Farmall Cub Forum -- Questions and answers to all of your Cub related issues.
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Thanks for all of the help. When I removed the mower pulley and checked for side to side play, there was VERY little. It was not rock-solid, but it was pretty close.
I removed the back plate (smaller PTO plate) and the transmission fill plug and looked inside. Everything seemed pretty clean. The splines looked good on both parts. But the PTO lever pin is sheered off. It looks like it had already been worn very thin, and it finally folded over yesterday.
PTO lever would slide into position intermittently
PTO made grinding noise and stopped working while mowing
PTO would no longer slide into position
Removed smaller back plate from transmission and used flashlight to inspect internal operation of PTO lever
PTO lever pin was sheered
Find a procedure for getting that thing out of there. It appears I will have to take the larger back plate off the transmission (or convince my wife to stick her smaller hand through the PTO hole). If so, it looks like the transmission fluid will need to be emptied.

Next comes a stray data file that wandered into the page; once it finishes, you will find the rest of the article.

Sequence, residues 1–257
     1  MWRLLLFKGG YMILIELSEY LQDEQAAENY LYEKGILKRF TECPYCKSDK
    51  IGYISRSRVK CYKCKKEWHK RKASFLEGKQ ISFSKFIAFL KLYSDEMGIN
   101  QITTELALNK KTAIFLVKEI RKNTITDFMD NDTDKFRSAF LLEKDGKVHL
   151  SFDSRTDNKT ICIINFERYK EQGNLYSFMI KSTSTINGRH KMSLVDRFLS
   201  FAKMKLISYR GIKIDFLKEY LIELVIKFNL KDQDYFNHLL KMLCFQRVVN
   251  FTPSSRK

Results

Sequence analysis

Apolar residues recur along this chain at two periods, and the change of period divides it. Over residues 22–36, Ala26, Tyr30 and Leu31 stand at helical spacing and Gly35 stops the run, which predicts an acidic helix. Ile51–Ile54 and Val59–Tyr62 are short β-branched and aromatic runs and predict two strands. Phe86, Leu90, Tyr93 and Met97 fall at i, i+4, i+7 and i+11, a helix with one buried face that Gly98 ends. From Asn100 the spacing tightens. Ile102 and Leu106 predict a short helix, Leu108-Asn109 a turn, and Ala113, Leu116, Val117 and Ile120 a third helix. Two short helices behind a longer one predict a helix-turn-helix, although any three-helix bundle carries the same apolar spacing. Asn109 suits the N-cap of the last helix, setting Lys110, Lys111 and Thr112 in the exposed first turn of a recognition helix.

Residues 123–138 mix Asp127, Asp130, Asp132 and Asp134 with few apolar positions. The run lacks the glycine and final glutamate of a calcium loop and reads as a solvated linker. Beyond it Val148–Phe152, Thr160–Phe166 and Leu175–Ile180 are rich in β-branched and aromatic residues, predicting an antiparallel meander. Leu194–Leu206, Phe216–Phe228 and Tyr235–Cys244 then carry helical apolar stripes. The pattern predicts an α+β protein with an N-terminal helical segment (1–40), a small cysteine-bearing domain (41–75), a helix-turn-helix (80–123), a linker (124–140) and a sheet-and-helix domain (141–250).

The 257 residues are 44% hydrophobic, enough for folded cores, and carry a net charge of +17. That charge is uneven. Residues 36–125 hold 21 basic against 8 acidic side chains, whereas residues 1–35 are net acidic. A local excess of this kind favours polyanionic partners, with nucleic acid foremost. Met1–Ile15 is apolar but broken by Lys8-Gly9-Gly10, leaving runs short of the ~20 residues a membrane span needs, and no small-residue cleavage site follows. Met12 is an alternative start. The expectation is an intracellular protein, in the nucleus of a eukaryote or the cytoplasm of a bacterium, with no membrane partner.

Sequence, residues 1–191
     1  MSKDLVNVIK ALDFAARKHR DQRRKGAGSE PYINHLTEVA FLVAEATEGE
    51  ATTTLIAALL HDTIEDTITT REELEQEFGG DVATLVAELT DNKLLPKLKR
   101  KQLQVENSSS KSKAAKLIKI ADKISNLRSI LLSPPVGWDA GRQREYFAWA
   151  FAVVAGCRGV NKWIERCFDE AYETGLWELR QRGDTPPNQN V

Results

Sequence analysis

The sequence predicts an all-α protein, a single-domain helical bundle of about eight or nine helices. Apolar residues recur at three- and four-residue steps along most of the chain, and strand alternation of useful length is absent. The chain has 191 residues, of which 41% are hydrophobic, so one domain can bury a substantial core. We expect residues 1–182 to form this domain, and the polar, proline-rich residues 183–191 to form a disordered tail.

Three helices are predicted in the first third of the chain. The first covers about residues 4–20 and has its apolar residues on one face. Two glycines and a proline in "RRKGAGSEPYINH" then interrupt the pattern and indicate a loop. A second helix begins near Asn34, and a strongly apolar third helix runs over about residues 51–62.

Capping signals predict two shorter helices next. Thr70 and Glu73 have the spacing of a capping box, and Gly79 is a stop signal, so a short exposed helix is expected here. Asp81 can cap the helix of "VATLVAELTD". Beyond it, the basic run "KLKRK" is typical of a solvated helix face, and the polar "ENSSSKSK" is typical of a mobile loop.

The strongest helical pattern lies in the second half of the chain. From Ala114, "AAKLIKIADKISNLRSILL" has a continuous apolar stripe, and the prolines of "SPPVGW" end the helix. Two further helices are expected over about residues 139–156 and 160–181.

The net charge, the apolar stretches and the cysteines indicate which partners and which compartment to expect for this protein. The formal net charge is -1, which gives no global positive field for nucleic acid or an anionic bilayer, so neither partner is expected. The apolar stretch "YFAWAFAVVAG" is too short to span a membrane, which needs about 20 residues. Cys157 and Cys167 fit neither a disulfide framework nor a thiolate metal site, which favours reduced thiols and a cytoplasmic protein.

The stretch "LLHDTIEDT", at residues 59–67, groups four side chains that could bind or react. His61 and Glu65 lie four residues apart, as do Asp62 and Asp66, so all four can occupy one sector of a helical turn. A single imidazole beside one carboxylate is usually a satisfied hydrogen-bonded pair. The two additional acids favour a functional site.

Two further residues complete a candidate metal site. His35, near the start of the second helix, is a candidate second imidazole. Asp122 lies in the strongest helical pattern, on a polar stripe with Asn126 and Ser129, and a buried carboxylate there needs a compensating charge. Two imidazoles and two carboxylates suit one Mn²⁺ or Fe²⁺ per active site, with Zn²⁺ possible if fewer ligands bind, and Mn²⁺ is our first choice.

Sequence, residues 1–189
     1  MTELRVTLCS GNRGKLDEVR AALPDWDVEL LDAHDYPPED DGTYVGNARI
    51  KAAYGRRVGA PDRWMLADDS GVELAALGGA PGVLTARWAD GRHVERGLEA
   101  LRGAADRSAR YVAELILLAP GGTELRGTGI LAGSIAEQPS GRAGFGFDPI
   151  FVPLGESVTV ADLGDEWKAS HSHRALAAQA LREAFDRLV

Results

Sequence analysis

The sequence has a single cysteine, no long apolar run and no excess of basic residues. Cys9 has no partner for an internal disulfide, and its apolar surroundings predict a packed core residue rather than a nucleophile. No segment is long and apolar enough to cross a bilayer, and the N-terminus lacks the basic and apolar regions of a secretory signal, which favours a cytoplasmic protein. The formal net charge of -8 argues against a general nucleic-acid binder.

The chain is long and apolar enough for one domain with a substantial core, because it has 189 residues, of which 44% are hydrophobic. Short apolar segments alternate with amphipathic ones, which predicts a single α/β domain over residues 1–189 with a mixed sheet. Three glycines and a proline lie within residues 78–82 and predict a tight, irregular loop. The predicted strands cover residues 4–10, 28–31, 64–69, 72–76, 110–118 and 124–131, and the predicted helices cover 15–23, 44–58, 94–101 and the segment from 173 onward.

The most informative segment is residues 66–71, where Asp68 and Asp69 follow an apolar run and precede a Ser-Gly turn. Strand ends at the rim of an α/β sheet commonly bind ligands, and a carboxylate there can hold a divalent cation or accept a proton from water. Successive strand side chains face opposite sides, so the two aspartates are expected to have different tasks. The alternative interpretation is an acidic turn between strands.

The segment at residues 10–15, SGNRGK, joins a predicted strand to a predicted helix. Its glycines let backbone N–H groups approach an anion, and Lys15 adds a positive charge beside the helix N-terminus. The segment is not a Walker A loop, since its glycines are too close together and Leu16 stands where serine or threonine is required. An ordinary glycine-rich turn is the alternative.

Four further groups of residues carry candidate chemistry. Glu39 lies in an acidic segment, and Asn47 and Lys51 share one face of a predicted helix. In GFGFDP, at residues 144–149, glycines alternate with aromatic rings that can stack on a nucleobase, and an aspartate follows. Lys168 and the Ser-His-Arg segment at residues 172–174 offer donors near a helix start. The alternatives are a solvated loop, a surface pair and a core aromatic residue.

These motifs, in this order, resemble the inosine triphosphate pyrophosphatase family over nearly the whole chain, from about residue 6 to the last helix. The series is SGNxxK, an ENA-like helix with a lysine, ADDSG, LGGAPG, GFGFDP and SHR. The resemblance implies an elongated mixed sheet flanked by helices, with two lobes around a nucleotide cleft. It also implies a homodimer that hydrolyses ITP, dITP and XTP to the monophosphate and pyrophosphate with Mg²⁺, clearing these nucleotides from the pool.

Are there other things I should take a close look at while I'm in there?
Yes, make sure your wife can get her hand back out of the PTO hole.
Sea salt is healthier only because it gets stuck in the holes of the shaker and you can't actually put it on your food.
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If you don't want to spend the money to buy a new one, you can drill out what's left of the pin and then weld/braze/silver solder a piece of drill bit or other hardened steel into the hole. If you decide to do it that way, you can ask for dimensions.
"We don't need to think more,
we need to think differently."
I just measured two. The pin diameter is 1/4", the length from the back of the plate to the end of the pin is .38". The pin length may vary a little depending on whether the pin was pressed in or goes all the way through.
"We don't need to think more,
we need to think differently."
Just my opinion but what I would do is:
-drain fluid in tranny
-remove both back plates and remove the PTO assembly
-fish out the broken pin and any other metal fragments with a magnet
-inspect the shifter clutch for worn splines (as Rick said), check that the set screw is in place and adjusted properly on the shaft (use loctite or stake it to secure the set screw)
-inspect the bronze bushing in the end of the transmission shaft
-inspect the splines on the PTO and transmission shaft
-repair or replace the PTO lever and shaft that is worn
-the bearings sound ok from what you said so you are ahead of the game there.
-button it all back up
Like Rick said, the PTO is very basic, go through and check it out now, repair or replace as needed, and avoid more problems in the future.
Instructions from the service manual via Rudi:
http://www.cleancomputes.com/Cub/Blue%2 ... Pulley.htm
oh and also, you need to replace this part: